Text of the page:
Day 4, Saturday, November 11, 2017
Today was the day that I was going to get to go to Washington D.C.! I have long wanted to go, and spend about 2-3 weeks there, touring the many monuments and museums on the mall. A couple of days in D.C. was going to have to suffice on this trip, but I certainly made good use of my time! Not only that though; I got to go on Veteran’s Day!
I grabbed a yogurt and granola cup at the hotel to eat on the subway into town. I made my way the few blocks to the Metro station and found my way to the Mall. The subway station pops up right in the middle of the Mall – so cool! And cold – it was freaking cold that day, and sadly, I had forgotten to bring a hat or a scarf with me. I did have some gloves though. It had been so much warmer the previous day!
I talked to the lady at the Visitor’s booth, and she explained where I could find my National Parks Passport stamps for the various monuments, and off I went. I stopped first at the Washington Monument – it is so tall! It is really neat, with its simple clean lines. Unfortunately, it is closed for renovations until 2019, so you can’t go inside.
Then I wandered down to the World War II Memorial – the memorial is beautiful and humbling. It is divided into two sections – Atlantic and Pacific – and has pillars for each State. The fountain is gorgeous, as well as the field of stars. There are 4,048 stars on the wall here – each star represents 100 American service personnel who died or remain missing – 405,399 in all. That is a sobering statistic. I spent some time taking it all in.
I continued on my way down to the Lincoln Memorial, past the Lincoln Memorial Reflecting Pool. The area is very large – I don’t know if I had ever seen it not completely packed with people; usually when the Washington Mall is on the news on the West Coast, it is because there was a big event there. It was interesting to see.
I had a mission at the Lincoln Memorial, besides just seeing the memorial. I have been a long-time admirer of Abraham Lincoln, and the opportunity to stand there before his likeness, and read the words from his Gettysburg Address and his second inaugural address were all amazing, but there was something else too.
There was something I wanted to see for myself. A trivia thing… Did you know that in the chiseled marble of the second inaugural address there is a mistake chiseled in? Yea. Some poor worker accidentally chiseled an E that should have been an F. Instead of starting that whole panel over again, they didn’t outline the bottom leg of the E in the black paint, so it is hard to notice that it isn’t the correct letter – unless of course, you are looking for it. It was so much fun to find it! It is completely a nerd thing; right up my alley.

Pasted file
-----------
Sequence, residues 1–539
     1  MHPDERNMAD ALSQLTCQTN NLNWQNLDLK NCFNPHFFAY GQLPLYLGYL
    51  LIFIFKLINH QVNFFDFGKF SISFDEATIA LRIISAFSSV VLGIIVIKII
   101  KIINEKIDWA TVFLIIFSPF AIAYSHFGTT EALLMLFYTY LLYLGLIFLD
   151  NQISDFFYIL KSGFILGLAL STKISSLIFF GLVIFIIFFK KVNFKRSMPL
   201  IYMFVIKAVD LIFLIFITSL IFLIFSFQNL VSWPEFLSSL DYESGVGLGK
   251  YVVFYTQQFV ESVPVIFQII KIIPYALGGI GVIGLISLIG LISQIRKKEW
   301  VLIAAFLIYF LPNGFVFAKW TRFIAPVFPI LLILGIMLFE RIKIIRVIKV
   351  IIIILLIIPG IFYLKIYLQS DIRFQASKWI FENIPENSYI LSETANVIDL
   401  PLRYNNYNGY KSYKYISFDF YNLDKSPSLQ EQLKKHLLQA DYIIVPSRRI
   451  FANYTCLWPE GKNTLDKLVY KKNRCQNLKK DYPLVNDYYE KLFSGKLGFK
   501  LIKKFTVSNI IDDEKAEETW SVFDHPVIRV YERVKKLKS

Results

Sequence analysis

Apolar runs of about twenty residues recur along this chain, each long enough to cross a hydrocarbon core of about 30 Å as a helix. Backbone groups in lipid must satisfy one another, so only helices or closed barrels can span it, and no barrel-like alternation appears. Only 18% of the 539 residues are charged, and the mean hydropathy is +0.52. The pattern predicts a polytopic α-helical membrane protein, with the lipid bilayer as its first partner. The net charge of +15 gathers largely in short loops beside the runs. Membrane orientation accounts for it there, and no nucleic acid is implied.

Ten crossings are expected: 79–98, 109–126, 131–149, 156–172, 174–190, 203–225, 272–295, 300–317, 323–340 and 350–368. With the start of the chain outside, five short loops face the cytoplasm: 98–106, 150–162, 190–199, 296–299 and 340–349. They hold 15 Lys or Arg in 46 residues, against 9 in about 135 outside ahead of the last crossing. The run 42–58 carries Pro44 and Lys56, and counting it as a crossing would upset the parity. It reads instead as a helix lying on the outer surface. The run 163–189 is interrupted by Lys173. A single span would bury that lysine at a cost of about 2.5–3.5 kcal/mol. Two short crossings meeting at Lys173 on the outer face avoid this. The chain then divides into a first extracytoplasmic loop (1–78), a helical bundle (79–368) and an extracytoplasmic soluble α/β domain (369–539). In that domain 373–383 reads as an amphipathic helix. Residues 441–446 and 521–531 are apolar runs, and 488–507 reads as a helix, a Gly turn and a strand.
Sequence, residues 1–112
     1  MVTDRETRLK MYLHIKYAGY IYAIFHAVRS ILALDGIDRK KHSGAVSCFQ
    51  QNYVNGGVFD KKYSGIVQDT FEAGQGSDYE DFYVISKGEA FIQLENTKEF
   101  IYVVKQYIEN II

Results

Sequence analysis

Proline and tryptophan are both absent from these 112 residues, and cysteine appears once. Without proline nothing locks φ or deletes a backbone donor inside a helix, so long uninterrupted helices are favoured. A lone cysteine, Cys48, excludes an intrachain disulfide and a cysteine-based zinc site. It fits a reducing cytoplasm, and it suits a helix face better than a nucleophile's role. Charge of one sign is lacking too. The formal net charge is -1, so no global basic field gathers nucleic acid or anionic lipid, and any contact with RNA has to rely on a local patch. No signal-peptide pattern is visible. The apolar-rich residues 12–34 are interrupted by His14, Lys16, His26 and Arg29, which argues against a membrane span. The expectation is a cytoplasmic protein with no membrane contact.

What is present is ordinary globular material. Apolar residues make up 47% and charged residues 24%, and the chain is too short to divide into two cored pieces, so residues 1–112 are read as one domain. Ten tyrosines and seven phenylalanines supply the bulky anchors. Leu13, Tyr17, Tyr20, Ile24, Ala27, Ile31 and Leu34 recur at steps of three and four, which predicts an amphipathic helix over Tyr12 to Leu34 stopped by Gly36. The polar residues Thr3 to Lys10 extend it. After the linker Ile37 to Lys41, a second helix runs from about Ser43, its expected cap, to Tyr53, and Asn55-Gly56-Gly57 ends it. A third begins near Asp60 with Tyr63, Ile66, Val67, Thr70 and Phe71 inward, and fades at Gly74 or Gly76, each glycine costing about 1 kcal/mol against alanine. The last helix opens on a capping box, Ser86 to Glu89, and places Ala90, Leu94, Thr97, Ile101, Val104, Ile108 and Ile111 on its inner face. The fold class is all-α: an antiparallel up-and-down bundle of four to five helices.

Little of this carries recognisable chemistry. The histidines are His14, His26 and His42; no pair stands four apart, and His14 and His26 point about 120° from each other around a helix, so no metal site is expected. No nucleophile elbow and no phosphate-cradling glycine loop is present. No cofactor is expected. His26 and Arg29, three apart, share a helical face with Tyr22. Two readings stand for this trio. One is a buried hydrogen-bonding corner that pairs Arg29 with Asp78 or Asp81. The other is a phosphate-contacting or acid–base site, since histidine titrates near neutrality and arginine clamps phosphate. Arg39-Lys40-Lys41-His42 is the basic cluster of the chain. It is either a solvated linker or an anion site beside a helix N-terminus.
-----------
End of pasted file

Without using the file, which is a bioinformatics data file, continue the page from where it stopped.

It was so humbling to stand in front of Lincoln’s huge marble statue and take it all in.
Heading back outside, I stood on the steps looking towards the Washington Monument. These are the steps where Martin Luther King, Jr. gave his I Have A Dream speech. Hearing that speech, seeing Abraham Lincoln’s marble form towering in the background, would have been an amazing experience.
As I was coming down the steps of the Lincoln Memorial, there was a Peruvian dance troupe just starting to perform a traditional dance. I don’t know the significance of the man in the half-woman/half-military man costume, so if you do, please let me know. It was amazing seeing these women dance on top of the boards! The dance was very beautiful, and I watched for several minutes.
There was also a group of Vietnam Vets gathered on the steps for a ceremony – the 5th Battalion of the 7th Cavalry. Since it was Veteran’s Day, there was a ceremony taking place at the Vietnam Veteran’s Memorial, and they were there with their families for a reunion. I talked to a gentleman about his service for a few minutes and thanked him. At the memorial itself, vets and their families were lining up and getting seated. I watched for a little while, humbled to be in the presence of these brave heroes.
I did get some photos at the edges, but the ceremony meant less access to the memorial than there would usually be. And that’s ok – the 58,000 names on the Vietnam Veterans Wall mean something special to these men and women. The Women’s Vietnam Memorial is nearby, and it was neat to see. I didn’t realize that there was a memorial dedicated to the women who supported the troops in the war zone.
Walking back down to the Washington Memorial, I checked out a festival that was on the Mall called Catharsis on the Mall; its purpose was to celebrate and promote the empowerment of women. There were lots of helmets you could wear, and a women’s march for equality, which was not going on while I was there. When I passed by, there was music and the opportunity to dance on top of a bus that was decorated like a dragon. It was cool to see, but I’m not really a dancing on top of a dragon bus type – maybe I should be. The festival also included a women’s march, which was going to be later in the day.
I had already seen so much, and I had barely scratched the surface of the Mall!